The current hostess of the inn is a beautiful woman who looks stunning in her kimono as she gracefully pours your drinks and enlivens your meal in a dining room that guests used centuries ago.
The peninsula that cradles Mihonoseki has many stimulating walks and views. Gohonomatsu Park, on a hill above Mihonoseki, offers a short half-hour hike and beautiful vistas.
You can also enjoy nature on a two-hour walk to the historic Mihonoseki Lighthouse. Eat at a restaurant with views of distant islands. Look down on fishing boats and an occasional tiny cruise ship. You can also join guided tours of the nearby coves.
After hiking, fishing, strolling or enjoying a local cruise, return to Mihokan to bathe Japanese style.
The communal baths that face the sea are as wonderful as the dining rooms are beautiful and the meals are delicious.
Perched in a room above the village, you will be able to look down on the wharf, sea, and sea birds, and Mt. Daisen in neighboring Tottori Prefecture stands majestically on the other side of the bay. I can't think of a better way to finish a day in Mihonoseki.
View of the Bay Through a Shrine Gate
Accommodation in Sakaiminato
There are several places to stay in Sakaiminato that can be reserved online. These include the two star Onyado Nono right at Sakaiminato Station, the historic Fukumakan ryokan with tatami floors and futon bedding located very close to Miho Shrine and Hotel AreaOne Sakaiminato Marina.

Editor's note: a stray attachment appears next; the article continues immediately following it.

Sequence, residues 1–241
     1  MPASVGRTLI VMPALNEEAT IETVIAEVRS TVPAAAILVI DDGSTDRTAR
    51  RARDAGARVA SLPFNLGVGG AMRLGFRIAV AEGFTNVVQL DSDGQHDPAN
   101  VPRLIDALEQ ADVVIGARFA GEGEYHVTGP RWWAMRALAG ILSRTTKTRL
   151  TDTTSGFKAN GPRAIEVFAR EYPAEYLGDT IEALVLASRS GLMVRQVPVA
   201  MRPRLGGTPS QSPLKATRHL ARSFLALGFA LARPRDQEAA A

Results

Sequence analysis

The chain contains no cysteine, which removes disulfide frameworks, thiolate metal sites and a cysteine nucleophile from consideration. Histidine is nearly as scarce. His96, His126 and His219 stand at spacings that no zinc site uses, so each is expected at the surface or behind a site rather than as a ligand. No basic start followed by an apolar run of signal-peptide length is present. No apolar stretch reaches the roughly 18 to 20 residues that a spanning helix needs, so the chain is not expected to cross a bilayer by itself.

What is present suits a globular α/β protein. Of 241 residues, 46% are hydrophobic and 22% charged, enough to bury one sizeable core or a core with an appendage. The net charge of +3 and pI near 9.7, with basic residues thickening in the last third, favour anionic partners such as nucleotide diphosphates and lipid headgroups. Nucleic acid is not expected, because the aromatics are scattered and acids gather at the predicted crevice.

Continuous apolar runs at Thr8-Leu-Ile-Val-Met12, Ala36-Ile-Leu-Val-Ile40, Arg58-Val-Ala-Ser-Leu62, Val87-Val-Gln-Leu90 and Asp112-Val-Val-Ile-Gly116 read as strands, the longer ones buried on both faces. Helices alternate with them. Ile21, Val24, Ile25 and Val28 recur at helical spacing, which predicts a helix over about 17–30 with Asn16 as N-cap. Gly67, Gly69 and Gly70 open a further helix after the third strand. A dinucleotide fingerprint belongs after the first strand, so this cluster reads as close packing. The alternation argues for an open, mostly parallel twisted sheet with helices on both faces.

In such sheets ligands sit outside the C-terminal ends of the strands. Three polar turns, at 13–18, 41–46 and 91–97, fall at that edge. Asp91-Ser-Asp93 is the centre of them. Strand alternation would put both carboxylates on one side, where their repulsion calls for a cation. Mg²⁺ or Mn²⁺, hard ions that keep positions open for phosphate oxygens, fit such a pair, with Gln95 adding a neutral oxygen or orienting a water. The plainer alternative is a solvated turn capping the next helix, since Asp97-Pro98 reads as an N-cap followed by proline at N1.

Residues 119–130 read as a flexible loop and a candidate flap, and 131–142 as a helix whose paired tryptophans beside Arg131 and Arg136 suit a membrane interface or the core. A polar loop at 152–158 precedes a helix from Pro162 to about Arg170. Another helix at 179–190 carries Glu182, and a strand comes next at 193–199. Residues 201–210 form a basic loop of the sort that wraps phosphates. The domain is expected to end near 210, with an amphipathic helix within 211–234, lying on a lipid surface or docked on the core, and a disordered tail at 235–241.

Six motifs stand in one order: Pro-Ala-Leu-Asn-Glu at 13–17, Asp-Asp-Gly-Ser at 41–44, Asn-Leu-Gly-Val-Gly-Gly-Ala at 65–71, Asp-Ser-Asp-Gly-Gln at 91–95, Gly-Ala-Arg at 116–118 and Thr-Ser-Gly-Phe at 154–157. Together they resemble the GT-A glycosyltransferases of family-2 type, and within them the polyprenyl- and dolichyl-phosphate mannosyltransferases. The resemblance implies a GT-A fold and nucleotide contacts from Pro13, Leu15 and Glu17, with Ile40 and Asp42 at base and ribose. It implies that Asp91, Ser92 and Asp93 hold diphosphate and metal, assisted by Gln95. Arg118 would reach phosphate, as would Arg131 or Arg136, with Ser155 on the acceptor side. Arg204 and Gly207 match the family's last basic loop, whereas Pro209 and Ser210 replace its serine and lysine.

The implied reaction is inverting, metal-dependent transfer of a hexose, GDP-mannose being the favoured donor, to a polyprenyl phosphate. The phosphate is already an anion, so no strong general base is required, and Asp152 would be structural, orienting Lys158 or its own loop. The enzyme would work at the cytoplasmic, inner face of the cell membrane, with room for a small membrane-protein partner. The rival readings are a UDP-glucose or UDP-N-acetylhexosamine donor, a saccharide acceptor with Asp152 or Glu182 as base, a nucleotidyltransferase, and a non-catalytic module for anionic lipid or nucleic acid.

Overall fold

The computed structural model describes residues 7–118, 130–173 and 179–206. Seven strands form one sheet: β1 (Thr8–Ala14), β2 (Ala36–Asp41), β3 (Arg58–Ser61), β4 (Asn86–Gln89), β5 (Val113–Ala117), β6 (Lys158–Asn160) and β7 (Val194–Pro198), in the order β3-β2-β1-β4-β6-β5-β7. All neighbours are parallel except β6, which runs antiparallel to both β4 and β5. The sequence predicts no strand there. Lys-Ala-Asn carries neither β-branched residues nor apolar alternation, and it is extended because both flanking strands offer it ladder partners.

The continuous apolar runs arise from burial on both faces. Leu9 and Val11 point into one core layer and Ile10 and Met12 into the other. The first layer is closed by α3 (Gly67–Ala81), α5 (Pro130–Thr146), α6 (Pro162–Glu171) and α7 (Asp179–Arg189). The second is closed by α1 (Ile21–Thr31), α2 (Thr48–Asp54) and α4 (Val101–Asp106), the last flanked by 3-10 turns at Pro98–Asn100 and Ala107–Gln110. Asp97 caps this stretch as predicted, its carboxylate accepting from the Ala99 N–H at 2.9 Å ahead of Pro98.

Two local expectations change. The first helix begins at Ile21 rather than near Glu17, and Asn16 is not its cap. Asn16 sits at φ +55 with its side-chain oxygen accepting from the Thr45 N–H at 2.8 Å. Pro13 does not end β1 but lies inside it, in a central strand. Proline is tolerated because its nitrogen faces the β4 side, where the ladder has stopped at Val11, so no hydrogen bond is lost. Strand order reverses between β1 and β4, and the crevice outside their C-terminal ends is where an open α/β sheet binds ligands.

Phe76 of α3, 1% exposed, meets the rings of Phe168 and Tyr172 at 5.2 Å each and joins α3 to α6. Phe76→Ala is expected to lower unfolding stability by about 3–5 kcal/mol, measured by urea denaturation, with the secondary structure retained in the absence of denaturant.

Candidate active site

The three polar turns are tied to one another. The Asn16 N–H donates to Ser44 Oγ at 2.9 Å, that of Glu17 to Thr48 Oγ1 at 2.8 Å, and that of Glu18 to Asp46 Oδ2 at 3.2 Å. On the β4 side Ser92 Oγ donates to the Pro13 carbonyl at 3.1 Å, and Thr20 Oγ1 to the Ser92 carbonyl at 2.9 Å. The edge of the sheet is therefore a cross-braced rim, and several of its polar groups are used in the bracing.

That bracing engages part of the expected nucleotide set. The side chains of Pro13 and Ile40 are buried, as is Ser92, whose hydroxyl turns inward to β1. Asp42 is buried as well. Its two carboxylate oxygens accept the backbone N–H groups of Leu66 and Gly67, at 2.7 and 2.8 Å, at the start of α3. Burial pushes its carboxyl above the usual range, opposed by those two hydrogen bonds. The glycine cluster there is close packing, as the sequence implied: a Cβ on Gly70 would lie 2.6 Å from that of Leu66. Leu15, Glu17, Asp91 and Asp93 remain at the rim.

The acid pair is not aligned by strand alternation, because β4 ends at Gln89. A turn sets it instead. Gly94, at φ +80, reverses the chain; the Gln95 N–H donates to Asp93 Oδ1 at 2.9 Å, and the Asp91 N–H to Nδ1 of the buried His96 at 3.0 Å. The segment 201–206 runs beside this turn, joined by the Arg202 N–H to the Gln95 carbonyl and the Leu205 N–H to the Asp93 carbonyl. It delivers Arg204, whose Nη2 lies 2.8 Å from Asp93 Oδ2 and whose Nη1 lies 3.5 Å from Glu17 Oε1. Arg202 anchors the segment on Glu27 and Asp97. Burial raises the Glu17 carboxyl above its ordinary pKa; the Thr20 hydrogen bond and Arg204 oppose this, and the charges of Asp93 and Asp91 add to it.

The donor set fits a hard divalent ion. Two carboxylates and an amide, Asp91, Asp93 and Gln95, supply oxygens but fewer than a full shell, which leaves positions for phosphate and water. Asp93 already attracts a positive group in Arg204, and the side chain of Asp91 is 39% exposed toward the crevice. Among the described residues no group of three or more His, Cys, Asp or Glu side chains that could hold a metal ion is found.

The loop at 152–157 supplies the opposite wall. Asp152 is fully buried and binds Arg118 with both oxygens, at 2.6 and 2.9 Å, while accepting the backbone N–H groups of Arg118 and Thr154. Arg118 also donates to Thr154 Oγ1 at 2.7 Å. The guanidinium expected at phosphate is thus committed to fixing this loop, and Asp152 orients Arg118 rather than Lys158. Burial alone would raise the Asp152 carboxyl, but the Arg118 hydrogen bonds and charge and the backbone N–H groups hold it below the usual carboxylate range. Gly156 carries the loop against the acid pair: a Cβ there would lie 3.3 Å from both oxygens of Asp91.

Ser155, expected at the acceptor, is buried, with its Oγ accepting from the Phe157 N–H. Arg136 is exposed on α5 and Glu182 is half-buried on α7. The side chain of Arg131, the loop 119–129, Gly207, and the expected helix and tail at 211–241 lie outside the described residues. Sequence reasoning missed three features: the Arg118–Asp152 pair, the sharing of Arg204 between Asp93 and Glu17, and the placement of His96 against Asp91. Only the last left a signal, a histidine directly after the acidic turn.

Both nearby Matsue and Yonago have more places to stay.
Buses are available from JR Matsue Station in Shimane Prefecture. It takes about 80 minutes. There are also trains to Sakaiminato from Yonago (see below).
Great Travel Deal
If you are going to Matsue from Hiroshima, be sure to take the Hiroshima-Matsue Highway Bus. Until March 31, 2019, the fare for the scenic three-hour journey is only 500 yen, which got to be one of the best travel deals in Japan.
The JR Sakai Line is a small, single track branch line in Tottori Prefecture only 18 kilometers long. It starts at Yonago Station on the Sanin Line and ends at Sakaiminato, with another 14 stations in between including one for Yonago Airport.
The Sakai Line is now one of Japan's growing number of popular character train lines.
The complete list of stations on the Sakai Line is as follows: Yonago, Bakuromachi, Fujimicho, Goto, Sambommatsuguchi, Kawasakiguchi, Yumigahama, Wadahama, Oshinozucho, Yonago Airport, Nakahama, Takamatsucho, Amariko, Agarimichi, Babasakicho and Sakaiminato (for ferries to the Oki Islands).
The author of this article blogs about Japanese Hot Springs at hotspringaddict.blogspot.jp.
Mihonoseki Shimane guide: Mihonoseki is an historic port and fishing village in Shimane Prefecture, southwest Japan.